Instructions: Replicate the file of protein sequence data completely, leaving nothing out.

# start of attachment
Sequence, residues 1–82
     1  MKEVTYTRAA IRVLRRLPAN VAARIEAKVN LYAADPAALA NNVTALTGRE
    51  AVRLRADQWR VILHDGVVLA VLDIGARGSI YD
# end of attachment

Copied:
Sequence, residues 1–82
     1  MKEVTYTRAA IRVLRRLPAN VAARIEAKVN LYAADPAALA NNVTALTGRE
    51  AVRLRADQWR VILHDGVVLA VLDIGARGSI YD